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When you’re an online student, finding the time to fit studying into your busy schedule can be difficult. Perhaps you’re juggling a job, a family life, and a host of other responsibilities. Maybe you’re used to studying wherever and whenever you can — at the dinner table, when you’re sitting down in front of the TV, or on your bed. If this true for you, it’s likely you’re plagued with a whole host of aches and pains as a result.

There are several ergonomic tips to help online students like you to avoid falling into bad postural habits and experiencing fatigue when working at your desktop or laptop. Take some time to consider your own personal study habits and workstation and see where you can identify areas for improvement.

25 Ergonomic Tips When Working at a Computer

Why Are Computer Ergonomics for Online Students So Important?

A field of study that focuses on improving both workplace arrangement and product design, ergonomics attempts to reduce fatigue, strain, and injuries so you can work while having a relaxed and comfortable posture.

Although you may not be aware of it, sitting and working at a computer for many hours each day takes a heavy toll on various parts of your body. If you’ve ever felt that telltale ache in your lower back, you already understand this toll.

There are also other issues to consider, such as carpal tunnel syndrome, eye strain, computer vision syndrome, and musculoskeletal issues. All of these problems can lead to a lifelong negative impact on your health and quality of life.

If you’re experiencing symptoms like reduced performance, tingling, numbness, muscle fatigue, pain, and loss of sensation, it’s time to reconsider how you work and study at your computer. First, let’s take a look at some common injuries you can sustain when you’re working on your laptop or desktop.

Common Injuries and Conditions Online Students Sustain While Working at a Computer

There is a whole host of common injuries you can suffer from when you use a computer without a good ergonomic setup. The most common conditions that virtual students can develop relate to their musculoskeletal system and their vision.

Musculoskeletal Problems

Your musculoskeletal system relates to the components of your internal structure — such as ligaments, tendons muscles, bones, and joints — that help you move and support your body. There are various musculoskeletal issues that are often related to ergonomic issues. They include tendon injuries, muscle strain, carpal tunnel syndrome, and bursitis.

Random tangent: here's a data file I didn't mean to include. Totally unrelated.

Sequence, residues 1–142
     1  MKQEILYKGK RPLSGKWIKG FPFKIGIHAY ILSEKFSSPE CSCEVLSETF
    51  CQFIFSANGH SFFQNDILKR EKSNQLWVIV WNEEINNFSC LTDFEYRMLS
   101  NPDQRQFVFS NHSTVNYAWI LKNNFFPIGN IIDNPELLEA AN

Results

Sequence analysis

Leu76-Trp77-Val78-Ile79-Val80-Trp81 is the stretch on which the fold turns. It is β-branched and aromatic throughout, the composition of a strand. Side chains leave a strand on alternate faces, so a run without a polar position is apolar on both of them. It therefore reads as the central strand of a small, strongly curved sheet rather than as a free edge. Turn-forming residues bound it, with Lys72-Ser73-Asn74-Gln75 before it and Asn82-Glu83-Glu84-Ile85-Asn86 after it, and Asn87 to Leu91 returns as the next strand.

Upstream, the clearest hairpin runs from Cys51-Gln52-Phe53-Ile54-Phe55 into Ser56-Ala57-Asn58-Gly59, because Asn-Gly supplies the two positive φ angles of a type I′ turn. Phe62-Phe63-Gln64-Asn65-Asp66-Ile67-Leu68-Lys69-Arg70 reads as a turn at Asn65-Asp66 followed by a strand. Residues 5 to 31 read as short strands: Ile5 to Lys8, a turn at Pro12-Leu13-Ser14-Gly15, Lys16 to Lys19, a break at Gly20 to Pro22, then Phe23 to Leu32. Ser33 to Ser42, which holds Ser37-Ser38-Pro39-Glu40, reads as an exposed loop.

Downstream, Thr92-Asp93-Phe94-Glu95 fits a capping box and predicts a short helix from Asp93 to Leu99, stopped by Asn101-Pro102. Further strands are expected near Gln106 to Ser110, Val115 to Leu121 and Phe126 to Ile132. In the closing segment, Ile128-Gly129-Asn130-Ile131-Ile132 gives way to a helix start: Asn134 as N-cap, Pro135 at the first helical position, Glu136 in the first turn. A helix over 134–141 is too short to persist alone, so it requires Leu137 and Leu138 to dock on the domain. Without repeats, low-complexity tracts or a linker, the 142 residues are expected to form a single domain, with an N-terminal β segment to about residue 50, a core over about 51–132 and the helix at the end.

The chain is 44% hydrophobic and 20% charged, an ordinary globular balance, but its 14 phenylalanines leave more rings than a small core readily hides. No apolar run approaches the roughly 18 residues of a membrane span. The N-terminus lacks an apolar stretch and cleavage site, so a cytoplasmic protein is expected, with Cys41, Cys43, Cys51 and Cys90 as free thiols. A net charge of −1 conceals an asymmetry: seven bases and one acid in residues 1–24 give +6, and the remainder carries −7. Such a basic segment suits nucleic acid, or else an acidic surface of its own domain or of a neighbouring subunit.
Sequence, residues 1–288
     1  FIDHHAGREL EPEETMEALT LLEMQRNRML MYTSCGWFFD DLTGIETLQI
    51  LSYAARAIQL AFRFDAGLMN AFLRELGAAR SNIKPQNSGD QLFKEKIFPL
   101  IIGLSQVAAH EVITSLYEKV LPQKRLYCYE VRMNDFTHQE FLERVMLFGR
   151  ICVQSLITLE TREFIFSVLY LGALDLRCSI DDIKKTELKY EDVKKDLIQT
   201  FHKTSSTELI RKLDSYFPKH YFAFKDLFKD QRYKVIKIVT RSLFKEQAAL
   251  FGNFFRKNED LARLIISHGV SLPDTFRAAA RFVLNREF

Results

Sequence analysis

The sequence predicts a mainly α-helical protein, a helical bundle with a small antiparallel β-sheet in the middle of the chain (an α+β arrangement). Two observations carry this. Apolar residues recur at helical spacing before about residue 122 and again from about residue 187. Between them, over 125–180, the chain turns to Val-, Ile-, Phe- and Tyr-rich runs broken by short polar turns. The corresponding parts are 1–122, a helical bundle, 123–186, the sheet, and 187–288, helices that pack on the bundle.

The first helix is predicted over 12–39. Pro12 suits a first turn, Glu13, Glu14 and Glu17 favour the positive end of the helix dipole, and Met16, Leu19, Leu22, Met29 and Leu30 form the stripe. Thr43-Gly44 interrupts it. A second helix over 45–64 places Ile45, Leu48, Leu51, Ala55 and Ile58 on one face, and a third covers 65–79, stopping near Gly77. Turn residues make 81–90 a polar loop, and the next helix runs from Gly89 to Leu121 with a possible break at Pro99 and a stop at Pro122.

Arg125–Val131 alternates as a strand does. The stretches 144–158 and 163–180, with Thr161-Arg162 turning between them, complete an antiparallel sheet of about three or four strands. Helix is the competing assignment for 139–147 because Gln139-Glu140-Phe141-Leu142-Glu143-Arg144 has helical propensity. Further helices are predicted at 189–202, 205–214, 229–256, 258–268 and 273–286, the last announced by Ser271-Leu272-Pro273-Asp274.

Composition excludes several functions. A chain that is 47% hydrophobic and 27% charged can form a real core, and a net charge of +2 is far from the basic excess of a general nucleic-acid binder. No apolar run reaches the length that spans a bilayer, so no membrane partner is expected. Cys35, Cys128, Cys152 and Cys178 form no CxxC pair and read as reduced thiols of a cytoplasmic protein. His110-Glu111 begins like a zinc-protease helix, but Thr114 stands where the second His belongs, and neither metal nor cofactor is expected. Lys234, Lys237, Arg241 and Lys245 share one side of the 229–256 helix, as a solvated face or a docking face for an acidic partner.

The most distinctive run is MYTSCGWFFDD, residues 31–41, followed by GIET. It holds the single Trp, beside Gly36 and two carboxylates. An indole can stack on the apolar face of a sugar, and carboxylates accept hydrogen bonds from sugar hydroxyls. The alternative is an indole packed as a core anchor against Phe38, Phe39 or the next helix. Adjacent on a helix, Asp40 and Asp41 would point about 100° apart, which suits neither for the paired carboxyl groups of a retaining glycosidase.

Tendon Injuries

When you injure a tendon, you’ve either damaged or irritated the fibers that connect your muscles with your bones. These injuries most commonly happen close to your joints and encompass:

  • Minute tears in the tissues within and surrounding your tendon, caused by overuse.
  • A term that refers to tendon inflammation.
  • This describes both of the above problems when they are co-occurring.

 

Muscle Strain

Muscle strains are usually caused overstretching your muscles, and they can have various symptoms, including:

  • Bruising and swelling
  • Limited or normal muscle movement
  • A deformity at the site of the tear
  • Tenderness and pain that gets worse with movement

 

If you suffer a severe untreated strain, you may suffer from limited movement and long-term pain.

Carpal Tunnel Syndrome

Carpal tunnel syndrome is a common condition that involves the nerves in your wrists and results in your hand feeling painful, weak, tingly, or numb. The condition improves with rest, and sometimes via the wearing of a splint, although in more serious cases, surgery may be required.

Bursitis

A bursa is a small sac of fluid that lubricates and cushions an area of your body where tissues rub against each other. The term for the inflammation of a bursa, bursitis is often caused by repeated or prolonged pressure on a bursa within your body or by engaging in activities that include rapid joint movements or twisting. Symptoms include:

  • Warmth and redness
  • Swelling
  • Pain, particularly when pressure is put on the affected area or you try to move it

 

You can often treat the condition yourself, but if the area is red or warm, you could have an infection and need to see a doctor.

Vision Problems

There are many eye problems that can occur due to not having your workspace set up ergonomically correctly. These include:

  • Headaches
  • Eye irritation
  • Eye strain
  • Red, swollen eyelids
  • Watery eyes
  • Double vision
  • Inability to see clearly and to focus

 

If you’re concerned about any vision issues possibly related to your computer use, rearrange your home office and to consult your ophthalmologist if your symptoms persist.